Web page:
Jim Dubois intends on leaving this world a more colourful place.
Greener, redder, pinker, all the colours within the rainbow, and all in his little garden.
“I practice square-inch gardening,” he says with a nod towards the green zone between his trailer and the neighbour’s, “if there’s a hole, you put something in it.”
He and his partner Linda are still munching on last year’s produce, neatly frozen after harvest, while any extras were given away to the neighbours.
Carrots, peppers, tomatoes, Swiss chard, peas, beans, strawberries, garlic – lots of garlic – and a variety of other vegetables thrive in the raised beds of the green zone. The veggies and flowers thrive because they’re full of home-churned compost and nitrogen-rich kelp.
“I like it best when it starts to turn a little black,” he says of the kelp he collects after it washes up and starts to rot on the beach in Oyster Bay.
But there’s something more to the intricate garden ecosystem which keeps it buzzing: Mason bees.
They’re Dubois’ little helpers. “Perfect pollinators” he calls them and Dubois does his best to make them feel comfortable.
“I build homes for them. Usually two in the winter and I give one away,” he says with a smile.
Mason bees are different than hive bees. They’re known as “solitary but gregarious nesters” which means they nest close to each other, but each female provisions her own nest.
Dubois builds their nests out of small blocks of wood, drilled with holes which creates narrow, little homes for the bees. He is also experimenting by placing pieces of plastic straws in each hole, which should allow for easier cleaning once the eggs hatch and the bees leave home.
And once they leave, they become, well, as busy as bees. The only goal of the males is – don’t snicker – to reproduce with as many females as possible and then die.
It’s the females who are the true workers as they gather extraordinary amounts of pollen which they return to the nest to create balls of feed for their unhatched eggs (they don’t make honey). It is estimated, that Masons out-pollinate honey bees from rates of 20:1 to as high as 100:1.
They also stick close to home which makes them ideal for pollinating fruit trees. As well, Mason bees emerge from their nests earlier in the springtime than most other bees, sometimes too early.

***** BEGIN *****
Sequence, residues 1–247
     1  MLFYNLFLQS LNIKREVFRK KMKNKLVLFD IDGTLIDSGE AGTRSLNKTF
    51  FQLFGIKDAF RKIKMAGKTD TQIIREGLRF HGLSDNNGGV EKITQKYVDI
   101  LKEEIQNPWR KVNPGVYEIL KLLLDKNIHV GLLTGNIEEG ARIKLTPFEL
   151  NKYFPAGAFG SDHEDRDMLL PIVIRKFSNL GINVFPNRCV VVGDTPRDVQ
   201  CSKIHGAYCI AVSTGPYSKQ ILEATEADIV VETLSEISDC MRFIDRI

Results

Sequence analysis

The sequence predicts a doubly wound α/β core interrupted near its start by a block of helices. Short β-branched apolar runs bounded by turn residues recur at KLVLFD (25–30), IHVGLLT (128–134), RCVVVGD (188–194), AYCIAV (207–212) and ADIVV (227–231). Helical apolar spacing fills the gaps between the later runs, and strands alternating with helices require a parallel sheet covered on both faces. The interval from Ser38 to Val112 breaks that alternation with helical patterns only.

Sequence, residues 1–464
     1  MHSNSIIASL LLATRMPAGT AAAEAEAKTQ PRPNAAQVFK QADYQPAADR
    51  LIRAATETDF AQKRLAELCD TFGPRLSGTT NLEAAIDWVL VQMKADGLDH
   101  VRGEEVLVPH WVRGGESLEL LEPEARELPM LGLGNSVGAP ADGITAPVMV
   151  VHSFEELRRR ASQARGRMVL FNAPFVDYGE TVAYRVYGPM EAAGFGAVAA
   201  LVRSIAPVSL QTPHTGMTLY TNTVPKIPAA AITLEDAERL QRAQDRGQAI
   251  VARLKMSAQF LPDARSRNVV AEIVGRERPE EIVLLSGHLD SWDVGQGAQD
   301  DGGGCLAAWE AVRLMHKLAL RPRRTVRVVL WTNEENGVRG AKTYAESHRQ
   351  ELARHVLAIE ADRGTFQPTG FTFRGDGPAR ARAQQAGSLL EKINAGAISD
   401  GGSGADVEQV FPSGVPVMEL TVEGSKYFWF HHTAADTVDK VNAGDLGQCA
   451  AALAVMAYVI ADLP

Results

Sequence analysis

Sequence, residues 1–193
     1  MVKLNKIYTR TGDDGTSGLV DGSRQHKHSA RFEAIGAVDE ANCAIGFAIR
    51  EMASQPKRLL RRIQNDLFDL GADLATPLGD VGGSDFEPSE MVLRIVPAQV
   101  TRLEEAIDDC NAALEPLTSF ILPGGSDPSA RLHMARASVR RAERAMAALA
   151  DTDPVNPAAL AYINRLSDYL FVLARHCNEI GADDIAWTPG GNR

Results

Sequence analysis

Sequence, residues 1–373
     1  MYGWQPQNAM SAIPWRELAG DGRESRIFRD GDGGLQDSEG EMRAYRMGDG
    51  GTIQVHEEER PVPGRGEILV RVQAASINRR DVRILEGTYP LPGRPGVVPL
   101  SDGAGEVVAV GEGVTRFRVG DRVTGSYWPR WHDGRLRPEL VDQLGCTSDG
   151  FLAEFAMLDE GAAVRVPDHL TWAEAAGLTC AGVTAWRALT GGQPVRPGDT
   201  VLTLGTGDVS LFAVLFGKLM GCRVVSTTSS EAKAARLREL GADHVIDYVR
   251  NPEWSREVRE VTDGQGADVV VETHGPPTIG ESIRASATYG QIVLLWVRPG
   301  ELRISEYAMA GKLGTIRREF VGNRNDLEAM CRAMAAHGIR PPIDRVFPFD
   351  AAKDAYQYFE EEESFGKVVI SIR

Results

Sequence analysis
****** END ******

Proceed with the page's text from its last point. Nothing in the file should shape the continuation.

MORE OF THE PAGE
“I found one out the other day, but it was lousy weather,” says Dubois, who gently picked it up and placed it near one of the many homes in his yard, under the shelter of a plastic planter.
Mason bees are also less prickly than other bees. In the 12 years he’s been keeping them, Dubois has been stung just once. He figures he was tossing some old blooms into the compost and accidentally squeezed a small bee between his fingers. Naturally, it stung him.
“Have you ever put a nine-volt battery to your tongue? It felt like that,” says Dubois, who points out the non-aggressive Mason bees do not have a venom gland.
The biggest challenge facing Mason bees, he says, is habitat destruction and death from chemical poisoning, usually pesticides. That’s why he builds homes for the bees and keeps his garden naturally organic.
Keeping the bees healthy is important to Dubois, 65, who has also battled for survival. In 2008, he received a new lease on life when he received a lung transplant due to a degenerative disease.
“This is just bonus time,” says Dubois, who is also a talented nature photographer. “I believe in ‘paying it forward,’ especially after the transplant. Pollinators are so important and it’s easy to help them…(Mason bees) are real gentle little things and they’re great for helping anyone to break out of their bee-phobia.”
- Dubois will display his Mason bee nests and some of his photographs on Wednesday, April 20, 5-7:30 p.m., in the Tidemark Theatre lobby during the Earth Week celebration.